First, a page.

The oil spill in the Gulf of Mexico has dominated the national conversation for more than a month, with experts pondering the environmental, political, and economic impacts of the ever-expanding oil slick. As Obama addresses BP in his first press conference in more than a year, we turn to Rachel Maddow for a tour through the annals of history. "Reporting from dévù vu land," she finds some eerie similarities between the mess in the Gulf and past eco-disasters:
Thirty-one years ago, in June 1979, an oil well called the Ixtoc blew out in the Gulf of Mexico. It started spewing thousands of barrels of crude oil into the Gulf every day. And it's not just the disaster itself that should sound familiar to you, it's also the techniques that they were using at the time to try to contain the spill.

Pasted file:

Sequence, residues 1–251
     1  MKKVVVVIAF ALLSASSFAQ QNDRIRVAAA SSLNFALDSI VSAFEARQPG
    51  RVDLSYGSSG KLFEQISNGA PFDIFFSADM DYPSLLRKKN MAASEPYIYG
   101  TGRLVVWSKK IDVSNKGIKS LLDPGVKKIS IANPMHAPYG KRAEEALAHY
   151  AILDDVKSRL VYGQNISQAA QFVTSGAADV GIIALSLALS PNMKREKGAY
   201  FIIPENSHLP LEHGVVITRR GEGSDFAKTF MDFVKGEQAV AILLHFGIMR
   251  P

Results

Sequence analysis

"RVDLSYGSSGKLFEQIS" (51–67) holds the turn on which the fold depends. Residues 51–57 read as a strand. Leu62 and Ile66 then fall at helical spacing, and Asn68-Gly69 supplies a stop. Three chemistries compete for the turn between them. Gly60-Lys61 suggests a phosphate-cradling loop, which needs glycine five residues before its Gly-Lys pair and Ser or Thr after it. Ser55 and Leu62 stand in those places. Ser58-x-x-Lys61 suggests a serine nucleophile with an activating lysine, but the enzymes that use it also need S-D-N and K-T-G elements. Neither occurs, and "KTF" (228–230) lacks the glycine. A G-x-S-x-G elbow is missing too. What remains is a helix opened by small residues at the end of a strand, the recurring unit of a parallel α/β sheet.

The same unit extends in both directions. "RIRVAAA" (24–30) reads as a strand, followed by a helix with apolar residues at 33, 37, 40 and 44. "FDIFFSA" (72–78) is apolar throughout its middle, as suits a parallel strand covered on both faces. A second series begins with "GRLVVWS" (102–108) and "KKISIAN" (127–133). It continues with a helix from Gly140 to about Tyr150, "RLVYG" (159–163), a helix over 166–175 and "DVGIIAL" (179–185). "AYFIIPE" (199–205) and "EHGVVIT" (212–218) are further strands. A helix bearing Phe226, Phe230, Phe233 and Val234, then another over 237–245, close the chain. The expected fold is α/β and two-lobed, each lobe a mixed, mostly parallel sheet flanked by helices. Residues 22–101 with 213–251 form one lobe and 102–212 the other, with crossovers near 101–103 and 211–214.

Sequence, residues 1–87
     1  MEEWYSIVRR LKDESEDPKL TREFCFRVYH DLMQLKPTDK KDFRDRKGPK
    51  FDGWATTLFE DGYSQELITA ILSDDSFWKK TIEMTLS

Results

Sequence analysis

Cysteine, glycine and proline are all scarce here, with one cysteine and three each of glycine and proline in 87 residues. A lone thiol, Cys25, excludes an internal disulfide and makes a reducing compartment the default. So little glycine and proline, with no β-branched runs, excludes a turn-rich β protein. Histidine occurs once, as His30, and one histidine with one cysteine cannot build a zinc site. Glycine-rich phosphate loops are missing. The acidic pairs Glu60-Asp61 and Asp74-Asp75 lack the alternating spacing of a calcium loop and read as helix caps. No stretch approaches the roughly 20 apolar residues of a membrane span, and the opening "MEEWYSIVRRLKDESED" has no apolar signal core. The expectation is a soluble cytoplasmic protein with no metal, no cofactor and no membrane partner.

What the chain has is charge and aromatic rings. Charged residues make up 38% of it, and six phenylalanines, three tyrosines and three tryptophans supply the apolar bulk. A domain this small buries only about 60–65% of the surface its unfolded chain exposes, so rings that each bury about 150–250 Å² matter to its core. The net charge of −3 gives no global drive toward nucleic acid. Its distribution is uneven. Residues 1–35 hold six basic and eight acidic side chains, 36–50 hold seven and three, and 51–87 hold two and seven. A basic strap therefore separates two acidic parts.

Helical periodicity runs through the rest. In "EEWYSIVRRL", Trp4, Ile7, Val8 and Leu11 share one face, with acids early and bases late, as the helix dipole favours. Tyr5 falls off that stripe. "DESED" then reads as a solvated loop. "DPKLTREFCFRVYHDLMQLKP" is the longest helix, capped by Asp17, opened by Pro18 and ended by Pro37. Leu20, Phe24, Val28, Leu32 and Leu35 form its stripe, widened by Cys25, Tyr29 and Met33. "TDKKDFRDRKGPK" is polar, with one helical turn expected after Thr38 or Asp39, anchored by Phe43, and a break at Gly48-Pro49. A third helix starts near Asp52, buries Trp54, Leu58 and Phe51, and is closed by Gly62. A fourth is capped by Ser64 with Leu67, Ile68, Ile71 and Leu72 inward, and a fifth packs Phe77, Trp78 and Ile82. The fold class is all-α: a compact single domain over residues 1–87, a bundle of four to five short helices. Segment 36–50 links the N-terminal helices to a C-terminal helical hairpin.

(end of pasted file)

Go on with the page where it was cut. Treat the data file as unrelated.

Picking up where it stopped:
Relief wells. Nine agonizingly long months after the Ixtoc well exploded, a pair of relief wells finally allowed the engineers to cap the leaking well. That was 31 years ago. I am 37 years old, and this happened when I was 6. Those hair cuts are back in fashion. And the stuff that did not work back then is the same stuff that hasn`t worked now. Same busted blowout preventer, same ineffective berm, same underwater plumes, same toxic dispersants, same failed containment domes, same junk shot, same top kill -- it's all the same technology. The Ixtoc well, which couldn`t be plugged for nine months, was in roughly 200 feet of water. Now, in 2010, we're using the same exact techniques to try to plug a well that is leaking in 5,000 feet of water.
This article is from the archive of our partner The Wire.
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